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Screening in High Schools May Lower the Prevalence of Sexually Transmitted Diseases

WebMD Health News

Dec. 23, 1999 (Los Angeles) -- The best way to detect sexually transmitted diseases (STDs) in adolescents is universal screening, according to a study in the December issue of the journal Pediatrics.

"Just as routine eye exams and other tests are offered in high school, perhaps we should be routinely testing for STDs," says lead researcher Thomas A. Farley, MD.

Common STDs include chlamydia, gonorrhea, herpes, and syphilis. It's estimated that 3 million teenagers are infected annually. Many of the diseases are treatable if they are diagnosed early, but if left untreated they can put the teens at risk for further health problems. In women, chlamydia can lead to pelvic inflammatory disease, a painful disorder and one of the major causes of infertility in the U.S. Gonorrhea can make it easier to contract HIV, the virus that causes AIDS.

Testing in this age group is particularly important because young people often have no symptoms, so they will not come for tests or treatment on their own, Farley tells WebMD. Also, many adolescents are embarrassed to admit they are sexually active. Routine testing without requiring students to confess to sexual activity can circumvent this shyness, he says.

For three consecutive school years, Farley, who is medical director of STD/HIV Programs in the Louisiana Office of Public Health, and his colleagues offered tests for chlamydia and gonorrhea to all students in grades 9-12 at three high schools serving approximately 2,000 students. For comparison, they looked at five schools with approximately 5,000 students in which screening was not offered until the third year, allowing the researchers to evaluate the effects of repeated screening. Parental consent was required for students to have the test.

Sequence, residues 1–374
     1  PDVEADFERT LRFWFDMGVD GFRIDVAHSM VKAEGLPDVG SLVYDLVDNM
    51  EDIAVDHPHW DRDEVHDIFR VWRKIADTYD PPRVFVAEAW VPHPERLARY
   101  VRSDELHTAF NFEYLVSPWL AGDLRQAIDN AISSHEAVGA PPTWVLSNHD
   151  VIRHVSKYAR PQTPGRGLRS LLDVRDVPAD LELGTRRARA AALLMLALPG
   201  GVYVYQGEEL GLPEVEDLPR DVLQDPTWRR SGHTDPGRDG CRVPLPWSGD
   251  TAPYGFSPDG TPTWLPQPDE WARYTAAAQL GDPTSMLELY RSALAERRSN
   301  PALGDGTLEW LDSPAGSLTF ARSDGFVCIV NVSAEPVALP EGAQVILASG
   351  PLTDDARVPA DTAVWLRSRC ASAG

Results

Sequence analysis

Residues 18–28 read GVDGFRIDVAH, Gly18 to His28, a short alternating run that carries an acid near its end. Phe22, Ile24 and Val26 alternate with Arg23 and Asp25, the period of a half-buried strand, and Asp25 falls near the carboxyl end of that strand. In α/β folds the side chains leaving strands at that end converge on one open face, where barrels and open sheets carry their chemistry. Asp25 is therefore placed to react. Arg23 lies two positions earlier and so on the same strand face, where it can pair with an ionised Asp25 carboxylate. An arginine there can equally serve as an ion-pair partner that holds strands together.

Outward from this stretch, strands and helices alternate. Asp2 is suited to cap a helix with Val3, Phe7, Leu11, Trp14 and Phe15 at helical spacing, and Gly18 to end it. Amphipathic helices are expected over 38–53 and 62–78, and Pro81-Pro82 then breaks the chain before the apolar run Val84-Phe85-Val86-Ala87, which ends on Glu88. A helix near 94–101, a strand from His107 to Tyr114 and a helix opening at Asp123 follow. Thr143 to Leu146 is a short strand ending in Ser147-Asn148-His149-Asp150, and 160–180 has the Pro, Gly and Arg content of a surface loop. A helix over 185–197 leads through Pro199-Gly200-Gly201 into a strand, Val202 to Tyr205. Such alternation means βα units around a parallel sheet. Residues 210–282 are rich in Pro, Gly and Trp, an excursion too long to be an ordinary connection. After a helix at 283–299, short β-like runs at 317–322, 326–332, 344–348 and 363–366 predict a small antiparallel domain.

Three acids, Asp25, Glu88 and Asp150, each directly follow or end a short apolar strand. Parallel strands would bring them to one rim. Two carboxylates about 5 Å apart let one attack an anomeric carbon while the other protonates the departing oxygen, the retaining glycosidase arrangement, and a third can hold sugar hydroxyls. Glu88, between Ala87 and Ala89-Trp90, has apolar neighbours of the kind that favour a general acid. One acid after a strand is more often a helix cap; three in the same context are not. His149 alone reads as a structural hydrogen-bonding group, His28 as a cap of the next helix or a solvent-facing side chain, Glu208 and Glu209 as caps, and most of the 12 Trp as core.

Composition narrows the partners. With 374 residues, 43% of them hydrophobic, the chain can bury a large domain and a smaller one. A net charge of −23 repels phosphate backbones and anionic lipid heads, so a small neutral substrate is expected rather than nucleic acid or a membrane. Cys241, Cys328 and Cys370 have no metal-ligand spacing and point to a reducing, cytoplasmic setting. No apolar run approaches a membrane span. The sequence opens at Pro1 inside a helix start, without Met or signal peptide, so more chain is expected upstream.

During the three years of the study, more than half of the 9th- through 12th-graders in the three test schools participated. Of the total enrolled population available for at least two of the three years, 83% were tested at least once. In the five schools offering testing only in the final year, 52% of the eligible students were tested.

For all three years of testing and in all eight schools combined, the prevalence of chlamydia was 6% for boys and 11.5% for girls. The prevalence increased with age and nearly doubled between grades 9 and 12. There was less of an age difference with gonorrhea, but again prevalence tended to be twice as high in girls as in boys.

More than 90% of the students found to be infected on the first test had no symptoms. Infected students were treated with antibiotics and given counseling.

The researchers were encouraged by some of their findings. With repeated testing, chlamydia prevalence among boys dropped to 3%, compared to the 6% prevalence seen in the comparison schools. Among girls, although less impressive, the chlamydia prevalence declined to 10% from 12% in the comparison schools.

Gonorrhea prevalence declined in girls, from 3% in the first year to 2% in the third year. These declines, especially in chlamydia prevalence among boys, indicate that STD screening programs in high schools have the potential to reduce infections in adolescents.

STDs "can cause serious long-term complications," Farley warns. Since these diseases often cause no symptoms in their early stages, he recommends that consumers, especially teenagers, request screening from their doctors. "If we want to control gonorrhea and chlamydia, we must do more widespread testing in the clinic, as well as in schools."

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